With a vacation to Korea, an apartment move, and a visiting family member, I didn’t go out to document this year’s Lunar New Year as much as in the past.
With that said, it was a great time of relaxation for me even if it was a bit busy. This time of year always sorts of reignites the spark and excitement of living in Taiwan for me and this was no exception.
Above: Mazu, goddess of the sea, at Cixian Temple, Taipei.
Above: Cherry blossoms on a (very) foggy day at Lion’s Head Mountain (獅頭山).
Above: Temples on the same foggy day at 獅頭山.
Above left: worshippers walk under a lantern for blessings at Longshan Temple, Taipei. Above right: temple lanterns hang at Cixian Temple, Taipei.
Above: temple worshipers gather at Longshan Temple, Taipei.
Above: lanterns hang at Longshan Temple, Taipei.
Above: an incense burner at a temple on Lion’s Head Mountain.
Above: fried noodles being prepared at Shilin Night Market, Taipei.
Above: the calm before the crowds at Liuhe Night Market, Kaohsiung.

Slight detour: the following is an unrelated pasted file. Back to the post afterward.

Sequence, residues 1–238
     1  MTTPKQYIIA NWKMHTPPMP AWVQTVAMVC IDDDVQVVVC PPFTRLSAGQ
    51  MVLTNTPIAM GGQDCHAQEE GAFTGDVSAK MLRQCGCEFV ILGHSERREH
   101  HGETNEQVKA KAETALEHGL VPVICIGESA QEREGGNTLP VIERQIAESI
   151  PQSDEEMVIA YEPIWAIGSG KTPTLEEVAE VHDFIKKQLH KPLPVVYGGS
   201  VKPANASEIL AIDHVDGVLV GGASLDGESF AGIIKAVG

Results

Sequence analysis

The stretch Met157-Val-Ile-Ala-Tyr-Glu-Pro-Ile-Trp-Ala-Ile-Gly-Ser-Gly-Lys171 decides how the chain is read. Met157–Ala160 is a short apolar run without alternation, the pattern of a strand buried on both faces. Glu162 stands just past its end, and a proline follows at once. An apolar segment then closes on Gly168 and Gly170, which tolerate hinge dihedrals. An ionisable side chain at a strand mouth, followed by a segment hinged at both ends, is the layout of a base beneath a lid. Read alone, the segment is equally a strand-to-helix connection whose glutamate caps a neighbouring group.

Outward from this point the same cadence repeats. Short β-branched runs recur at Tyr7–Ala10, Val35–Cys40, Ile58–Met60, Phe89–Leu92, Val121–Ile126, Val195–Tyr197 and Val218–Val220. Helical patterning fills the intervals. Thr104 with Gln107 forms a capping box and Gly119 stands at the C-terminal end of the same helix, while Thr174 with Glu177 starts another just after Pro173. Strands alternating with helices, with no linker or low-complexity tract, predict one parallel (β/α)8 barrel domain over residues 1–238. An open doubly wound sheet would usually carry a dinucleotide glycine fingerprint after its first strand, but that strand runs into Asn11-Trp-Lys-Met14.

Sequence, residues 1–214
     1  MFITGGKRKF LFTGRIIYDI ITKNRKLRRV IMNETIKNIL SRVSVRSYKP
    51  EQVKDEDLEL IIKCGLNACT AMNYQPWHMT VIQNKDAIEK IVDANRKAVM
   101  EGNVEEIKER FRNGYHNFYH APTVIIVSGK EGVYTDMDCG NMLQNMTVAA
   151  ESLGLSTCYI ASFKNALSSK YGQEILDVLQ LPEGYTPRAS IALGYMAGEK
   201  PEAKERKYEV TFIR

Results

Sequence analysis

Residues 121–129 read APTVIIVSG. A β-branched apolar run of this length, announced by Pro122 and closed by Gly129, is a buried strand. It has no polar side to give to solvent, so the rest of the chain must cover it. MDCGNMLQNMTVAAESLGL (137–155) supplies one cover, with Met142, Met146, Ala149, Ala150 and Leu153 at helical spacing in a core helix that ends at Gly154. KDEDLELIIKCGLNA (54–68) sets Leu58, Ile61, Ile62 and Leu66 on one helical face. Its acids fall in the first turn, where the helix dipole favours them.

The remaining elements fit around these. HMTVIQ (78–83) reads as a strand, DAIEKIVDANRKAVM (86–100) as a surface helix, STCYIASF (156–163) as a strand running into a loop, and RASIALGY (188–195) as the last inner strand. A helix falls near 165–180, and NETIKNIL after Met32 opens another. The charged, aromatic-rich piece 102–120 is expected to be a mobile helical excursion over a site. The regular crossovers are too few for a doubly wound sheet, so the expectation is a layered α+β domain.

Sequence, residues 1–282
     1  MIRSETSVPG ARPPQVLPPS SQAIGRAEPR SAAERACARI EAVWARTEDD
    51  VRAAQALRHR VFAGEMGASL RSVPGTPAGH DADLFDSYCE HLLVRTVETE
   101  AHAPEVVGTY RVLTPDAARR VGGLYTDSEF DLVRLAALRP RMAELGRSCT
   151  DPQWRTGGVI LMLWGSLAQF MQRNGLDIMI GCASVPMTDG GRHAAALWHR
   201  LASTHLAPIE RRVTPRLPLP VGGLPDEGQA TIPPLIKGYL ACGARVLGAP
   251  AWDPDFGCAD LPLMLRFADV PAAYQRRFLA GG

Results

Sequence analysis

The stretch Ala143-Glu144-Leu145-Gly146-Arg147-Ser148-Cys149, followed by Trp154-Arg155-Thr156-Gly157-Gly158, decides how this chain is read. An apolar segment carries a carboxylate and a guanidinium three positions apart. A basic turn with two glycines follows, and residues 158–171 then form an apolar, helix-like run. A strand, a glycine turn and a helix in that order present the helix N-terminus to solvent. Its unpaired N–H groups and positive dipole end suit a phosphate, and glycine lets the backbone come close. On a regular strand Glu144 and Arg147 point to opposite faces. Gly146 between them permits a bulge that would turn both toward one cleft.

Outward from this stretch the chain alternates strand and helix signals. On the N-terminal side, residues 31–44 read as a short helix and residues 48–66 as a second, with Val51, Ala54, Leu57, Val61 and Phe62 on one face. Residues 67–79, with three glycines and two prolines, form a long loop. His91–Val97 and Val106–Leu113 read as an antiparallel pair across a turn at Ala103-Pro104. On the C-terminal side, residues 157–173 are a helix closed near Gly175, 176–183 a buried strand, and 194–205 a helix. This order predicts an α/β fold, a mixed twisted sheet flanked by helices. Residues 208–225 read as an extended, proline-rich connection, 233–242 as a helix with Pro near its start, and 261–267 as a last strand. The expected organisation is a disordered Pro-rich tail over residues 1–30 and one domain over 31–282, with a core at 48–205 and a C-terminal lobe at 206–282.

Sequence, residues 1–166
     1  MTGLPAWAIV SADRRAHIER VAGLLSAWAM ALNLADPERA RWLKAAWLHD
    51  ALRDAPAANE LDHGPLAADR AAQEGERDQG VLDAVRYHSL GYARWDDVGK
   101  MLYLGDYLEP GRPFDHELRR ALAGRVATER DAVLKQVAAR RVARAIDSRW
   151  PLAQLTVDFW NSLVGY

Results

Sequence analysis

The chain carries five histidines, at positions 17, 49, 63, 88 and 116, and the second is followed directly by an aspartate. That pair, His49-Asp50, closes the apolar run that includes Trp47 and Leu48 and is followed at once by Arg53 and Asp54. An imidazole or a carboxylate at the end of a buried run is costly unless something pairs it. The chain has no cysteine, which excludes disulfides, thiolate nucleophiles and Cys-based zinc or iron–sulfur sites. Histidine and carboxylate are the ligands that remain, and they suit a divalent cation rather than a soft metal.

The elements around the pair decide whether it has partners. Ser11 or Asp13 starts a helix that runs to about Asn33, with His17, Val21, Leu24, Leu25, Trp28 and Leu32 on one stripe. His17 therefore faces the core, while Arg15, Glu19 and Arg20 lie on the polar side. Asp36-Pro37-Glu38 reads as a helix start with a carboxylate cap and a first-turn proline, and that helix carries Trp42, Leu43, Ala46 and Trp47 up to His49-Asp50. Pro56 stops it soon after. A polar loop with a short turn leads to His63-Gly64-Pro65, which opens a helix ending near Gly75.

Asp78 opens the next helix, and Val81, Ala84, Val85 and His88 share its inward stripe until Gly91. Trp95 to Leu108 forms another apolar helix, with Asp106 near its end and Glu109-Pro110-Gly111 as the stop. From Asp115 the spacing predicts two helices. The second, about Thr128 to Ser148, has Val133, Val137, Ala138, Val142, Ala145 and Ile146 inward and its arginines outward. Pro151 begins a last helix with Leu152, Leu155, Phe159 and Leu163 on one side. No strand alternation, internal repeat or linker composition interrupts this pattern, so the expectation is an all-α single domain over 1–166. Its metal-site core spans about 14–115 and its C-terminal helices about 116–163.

Moving to a different part of Korean history, Gyeongbokgung Palace is a major historical site and tourist attraction dating originally to 1395, but rebuilt as recently as the 1990′s due to war and its symbol for Korean pride even in the midst of Japanese occupation.
Part of a visit is a changing of the guard to the palace gates, where costumed soldiers march in to the area. This gave a perfect beginning to the visit.
Above: this symbol, seen on a ceremonial drum, is a variant on the Taegeuk, or 태극, an ancient symbol which appears on the national Korean flag in a two-color form. The example above is three-colored, so its known as the “삼색의 태극,” or “Samsaeg-ui Taeguek.” Yellow represents humanity, while red and blue refer to heaven and earth.